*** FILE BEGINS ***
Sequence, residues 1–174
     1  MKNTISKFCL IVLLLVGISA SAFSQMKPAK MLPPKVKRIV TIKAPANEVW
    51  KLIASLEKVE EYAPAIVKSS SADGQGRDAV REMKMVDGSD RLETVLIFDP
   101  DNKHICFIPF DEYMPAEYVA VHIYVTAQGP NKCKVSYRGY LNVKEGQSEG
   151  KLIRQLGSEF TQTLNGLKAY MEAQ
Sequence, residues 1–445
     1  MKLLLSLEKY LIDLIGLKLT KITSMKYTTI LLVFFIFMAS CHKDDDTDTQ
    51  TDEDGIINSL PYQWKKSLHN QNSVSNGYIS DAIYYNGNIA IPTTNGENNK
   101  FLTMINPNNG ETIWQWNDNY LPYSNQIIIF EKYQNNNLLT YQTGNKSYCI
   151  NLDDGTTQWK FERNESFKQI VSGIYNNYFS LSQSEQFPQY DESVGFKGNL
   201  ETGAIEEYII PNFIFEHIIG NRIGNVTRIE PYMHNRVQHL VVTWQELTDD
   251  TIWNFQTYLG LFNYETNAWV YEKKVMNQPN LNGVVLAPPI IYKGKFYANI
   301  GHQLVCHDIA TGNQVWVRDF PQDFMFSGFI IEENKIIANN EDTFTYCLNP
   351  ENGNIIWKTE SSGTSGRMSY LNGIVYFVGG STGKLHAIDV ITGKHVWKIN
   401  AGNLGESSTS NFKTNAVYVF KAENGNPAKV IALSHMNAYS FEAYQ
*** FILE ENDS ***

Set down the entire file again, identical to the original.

Sequence, residues 1–174
     1  MKNTISKFCL IVLLLVGISA SAFSQMKPAK MLPPKVKRIV TIKAPANEVW
    51  KLIASLEKVE EYAPAIVKSS SADGQGRDAV REMKMVDGSD RLETVLIFDP
   101  DNKHICFIPF DEYMPAEYVA VHIYVTAQGP NKCKVSYRGY LNVKEGQSEG
   151  KLIRQLGSEF TQTLNGLKAY MEAQ
Sequence, residues 1–445
     1  MKLLLSLEKY LIDLIGLKLT KITSMKYTTI LLVFFIFMAS CHKDDDTDTQ
    51  TDEDGIINSL PYQWKKSLHN QNSVSNGYIS DAIYYNGNIA IPTTNGENNK
   101  FLTMINPNNG ETIWQWNDNY LPYSNQIIIF EKYQNNNLLT YQTGNKSYCI
   151  NLDDGTTQWK FERNESFKQI VSGIYNNYFS LSQSEQFPQY DESVGFKGNL
   201  ETGAIEEYII PNFIFEHIIG NRIGNVTRIE PYMHNRVQHL VVTWQELTDD
   251  TIWNFQTYLG LFNYETNAWV YEKKVMNQPN LNGVVLAPPI IYKGKFYANI
   301  GHQLVCHDIA TGNQVWVRDF PQDFMFSGFI IEENKIIANN EDTFTYCLNP
   351  ENGNIIWKTE SSGTSGRMSY LNGIVYFVGG STGKLHAIDV ITGKHVWKIN
   401  AGNLGESSTS NFKTNAVYVF KAENGNPAKV IALSHMNAYS FEAYQ